With the help of God, Bobby has designed the course with you the golfer in mind… player friendly perhaps? Even the cart path routes were placed with much thought and planning… again, for the enjoyment and convenience of the players.    

Bobby played very well all day. When asked how much he has played this year, Bobby had said that this was probably his fifth round of the year. His game never showed any signs of weakness.  He was very patient with me being a novice golfer. I am very appreciative of that, he had nothing but kind words for each of us all day. I can’t express my gratitude to this man for his inspiration, and the example he sets for all of us on and off the course.

Published in: on August 15, 2006 at 9:53 pm  Leave a Comment  

PGA Pro Bobby Greenwood Reminisces About his Career

This article was written by Rick McNeal of Glade Vista, Fairfield Glade, Tennessee, dated July 4, 2006.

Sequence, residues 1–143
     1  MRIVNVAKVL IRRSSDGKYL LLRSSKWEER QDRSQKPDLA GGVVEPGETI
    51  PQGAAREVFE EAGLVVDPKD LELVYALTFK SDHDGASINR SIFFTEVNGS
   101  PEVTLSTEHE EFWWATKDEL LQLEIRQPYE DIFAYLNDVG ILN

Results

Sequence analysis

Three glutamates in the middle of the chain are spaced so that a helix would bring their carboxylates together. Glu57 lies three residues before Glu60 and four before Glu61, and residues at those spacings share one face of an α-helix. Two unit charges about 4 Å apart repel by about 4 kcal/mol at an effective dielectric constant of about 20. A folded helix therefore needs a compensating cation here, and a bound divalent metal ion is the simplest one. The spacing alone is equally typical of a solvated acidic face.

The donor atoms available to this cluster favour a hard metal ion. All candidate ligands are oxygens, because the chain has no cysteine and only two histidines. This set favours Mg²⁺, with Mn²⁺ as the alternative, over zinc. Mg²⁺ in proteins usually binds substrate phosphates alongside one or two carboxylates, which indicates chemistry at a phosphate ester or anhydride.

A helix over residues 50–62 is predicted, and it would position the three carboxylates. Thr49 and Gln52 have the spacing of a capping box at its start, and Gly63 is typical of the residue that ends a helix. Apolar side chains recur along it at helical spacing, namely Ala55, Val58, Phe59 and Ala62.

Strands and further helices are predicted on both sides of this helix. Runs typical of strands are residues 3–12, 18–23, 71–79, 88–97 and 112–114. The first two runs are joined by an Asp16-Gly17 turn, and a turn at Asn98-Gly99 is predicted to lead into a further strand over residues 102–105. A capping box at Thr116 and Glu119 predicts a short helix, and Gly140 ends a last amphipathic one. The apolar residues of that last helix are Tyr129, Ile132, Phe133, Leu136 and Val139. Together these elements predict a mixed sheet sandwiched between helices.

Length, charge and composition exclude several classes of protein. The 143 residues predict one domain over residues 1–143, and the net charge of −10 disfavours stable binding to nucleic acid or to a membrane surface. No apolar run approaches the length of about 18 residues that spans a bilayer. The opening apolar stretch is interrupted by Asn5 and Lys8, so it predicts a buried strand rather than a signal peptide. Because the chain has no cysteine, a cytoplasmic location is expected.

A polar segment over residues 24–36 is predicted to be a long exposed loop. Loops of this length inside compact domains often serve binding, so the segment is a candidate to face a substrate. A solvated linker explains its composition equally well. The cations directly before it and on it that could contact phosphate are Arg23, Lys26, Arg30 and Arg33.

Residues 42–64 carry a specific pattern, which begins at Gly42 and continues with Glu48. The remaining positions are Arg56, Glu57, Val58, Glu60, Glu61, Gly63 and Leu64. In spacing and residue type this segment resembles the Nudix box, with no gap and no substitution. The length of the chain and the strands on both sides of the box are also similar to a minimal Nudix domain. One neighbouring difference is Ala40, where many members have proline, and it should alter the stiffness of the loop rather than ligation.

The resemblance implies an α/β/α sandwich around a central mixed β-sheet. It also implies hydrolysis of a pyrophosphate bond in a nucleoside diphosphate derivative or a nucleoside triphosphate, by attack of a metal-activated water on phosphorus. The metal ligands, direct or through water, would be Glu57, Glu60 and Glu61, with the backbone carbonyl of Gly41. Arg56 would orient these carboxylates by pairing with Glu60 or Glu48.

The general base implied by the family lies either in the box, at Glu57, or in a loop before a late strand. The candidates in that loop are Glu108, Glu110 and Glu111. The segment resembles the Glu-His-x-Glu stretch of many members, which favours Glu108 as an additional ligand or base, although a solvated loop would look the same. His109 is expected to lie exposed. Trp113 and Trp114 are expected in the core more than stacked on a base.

PGA Pro Bobby Greenwood reminisces about his career

Bobby Greenwood’s PGA Tour Career lasted for 7 years 1969-1975, and in 1970 he was making quite a name for Fairfield Glade. Bobby qualified for the PGA Tour at Q-school at Palm Beach Gardens, Florida in 1969, tying Johnny Miller for 3rd place, in that same year Fairfield Communities, Inc. purchased the land for Fairfield Glade. Greenwood, a resident of Cookeville, represented the Glade on the PGA Tour from 1970 to 1975.

“The first tournament of the year was the Glen Campbell Los Angeles Open,” Bobby said. “For three days I was the 54-hole leader.”  I shot rounds of 69, 69, and 66 and had 3-stroke lead with 18 holes to play.

“The Glade really got their money’s worth, because for three days Glen Campbell was on TV talking about this rookie from Fairfield Glade, TN,” said Bobby. “For several weeks after that, Fairfield got calls from all over the country saying, ‘I didn’t know Fairfield Glade had a touring pro.'”